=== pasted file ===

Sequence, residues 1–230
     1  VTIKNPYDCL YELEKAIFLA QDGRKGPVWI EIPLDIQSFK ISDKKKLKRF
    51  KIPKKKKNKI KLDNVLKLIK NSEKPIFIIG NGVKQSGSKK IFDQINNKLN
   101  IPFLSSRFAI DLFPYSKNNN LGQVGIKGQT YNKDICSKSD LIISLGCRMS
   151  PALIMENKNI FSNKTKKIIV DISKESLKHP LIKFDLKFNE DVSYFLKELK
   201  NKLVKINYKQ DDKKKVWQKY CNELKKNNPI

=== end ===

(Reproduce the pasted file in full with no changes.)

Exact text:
Sequence, residues 1–230
     1  VTIKNPYDCL YELEKAIFLA QDGRKGPVWI EIPLDIQSFK ISDKKKLKRF
    51  KIPKKKKNKI KLDNVLKLIK NSEKPIFIIG NGVKQSGSKK IFDQINNKLN
   101  IPFLSSRFAI DLFPYSKNNN LGQVGIKGQT YNKDICSKSD LIISLGCRMS
   151  PALIMENKNI FSNKTKKIIV DISKESLKHP LIKFDLKFNE DVSYFLKELK
   201  NKLVKINYKQ DDKKKVWQKY CNELKKNNPI